Typically, dandruff can be treated simply by washing your hair more often with over-the-counter anti-dandruff or coal tar shampoos — though Wu cautions that these treatments don’t cure either condition, and only work in minor cases.
“My suggestion is, if you have scaling of the scalp and you think it’s dandruff, try the shampoo,” says Tosti. If the condition doesn’t improve with daily use of anti-dandruff shampoo, Tosti recommends seeing a doctor.
In that case, it might be severe dandruff that requires a prescription treatment, such as high-concentration antifungal shampoo, or it might be something else — such as scalp psoriasis.
If it’s psoriasis, there are many prescription treatment options available, but the most common is topical corticosteroids.
Even though some of these creams can be purchased over the counter, Tosti notes that the ones available without a prescription generally aren’t strong enough for treating scalp psoriasis.
Other interesting treatments for psoriasis include:
- Light therapy. Also called phototherapy, where your whole body is exposed to UVB light for controlled periods of time. This is not a tanning bed, which uses UVA light and carries a risk for skin cancer. Light therapy can also be targeted for psoriasis rash hotspots. It’s typically performed in a doctor’s office.
- Disease-modifying antirheumatic drugs. These bad boys fight inflammation.
- Biologics. Kind of like the Terminator, if the Terminator was a prescription medication set on blocking inflammatory proteins in the body.
Once the flaking subsides, you’ll probably want to keep in mind ways you can prevent it from happening again.
If dandruff is the cause, frequent shampooing — and possibly lathering more thoroughly when you do — may help.
You may be tempted to return to your old hair care products, but you may need to continue using anti-dandruff shampoo to keep the flakes at bay.
Avoiding triggers such as stress and sleep deprivation, may also be a useful part of your strategy.
Avoiding stress and sleep loss can also help prevent scalp psoriasis recurrences, but unlike with dandruff, shampooing probably won’t be of much use.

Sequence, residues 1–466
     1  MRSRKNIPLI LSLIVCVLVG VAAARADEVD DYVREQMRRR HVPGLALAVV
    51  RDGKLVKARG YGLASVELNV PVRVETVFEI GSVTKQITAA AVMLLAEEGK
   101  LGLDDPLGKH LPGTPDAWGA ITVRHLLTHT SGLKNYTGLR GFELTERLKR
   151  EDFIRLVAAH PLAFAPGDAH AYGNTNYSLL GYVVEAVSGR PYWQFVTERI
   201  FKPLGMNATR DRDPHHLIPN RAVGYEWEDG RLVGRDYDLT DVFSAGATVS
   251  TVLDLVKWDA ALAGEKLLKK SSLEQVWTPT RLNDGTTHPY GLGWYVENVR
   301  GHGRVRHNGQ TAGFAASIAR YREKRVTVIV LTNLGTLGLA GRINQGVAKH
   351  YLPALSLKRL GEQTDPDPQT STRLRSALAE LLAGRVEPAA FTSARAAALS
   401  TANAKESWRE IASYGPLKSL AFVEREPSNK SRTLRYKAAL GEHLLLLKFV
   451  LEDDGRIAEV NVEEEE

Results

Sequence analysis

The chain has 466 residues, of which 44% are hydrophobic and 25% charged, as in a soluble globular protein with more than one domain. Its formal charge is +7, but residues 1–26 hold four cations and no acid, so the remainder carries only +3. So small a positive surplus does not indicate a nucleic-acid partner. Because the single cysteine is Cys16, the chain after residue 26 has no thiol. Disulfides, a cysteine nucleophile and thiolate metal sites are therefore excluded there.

Broader changes to your diet and lifestyle can help reduce how often psoriasis flares up. Avoid foods and habits linked with inflammation.
Regardless of whether you have dandruff or scalp psoriasis, keep in mind you might need to make regular treatment part of your routine, so check with your doctor to make a plan that works for you and your symptoms.
If you’re still not sure why your scalp is flaky and Selsun Blue isn’t cutting it, know that dandruff and scalp psoriasis aren’t the only possible causes.
A fungal infection called tinea capitis, for example, may cause scalp flaking, but it’s uncommon in adults who aren’t immunocompromised.
Another possibility is a condition called contact dermatitis in which the skin reacts to something that touches it, such as a hair care product.
“I’ve been seeing a lot of these [psoriasis-esque scalp rashes] after keratin treatments for hair straightening,” Tosti says, explaining that the reaction often looks like severe dandruff or psoriasis.
It’s also worth considering that those flakes may not have resulted from a medical condition at all.
“Sometimes it’s not real dandruff,” Tosti says. “It’s just deposits from hairsprays, from dry shampoos, from a lot of gels, or from other stuff that people put on the scalp.”
Since there are so many possible reasons for scalp flaking, seeing a doctor is always advisable, especially if the flaking is severe or doesn’t clear up after changing hair care products and trying over-the-counter treatments.
In most cases, the conditions responsible for scalp flaking can be treated, so don’t think you need to give up wearing black permanently. Just make an appointment with your friendly neighborhood derm to get those flakes under control.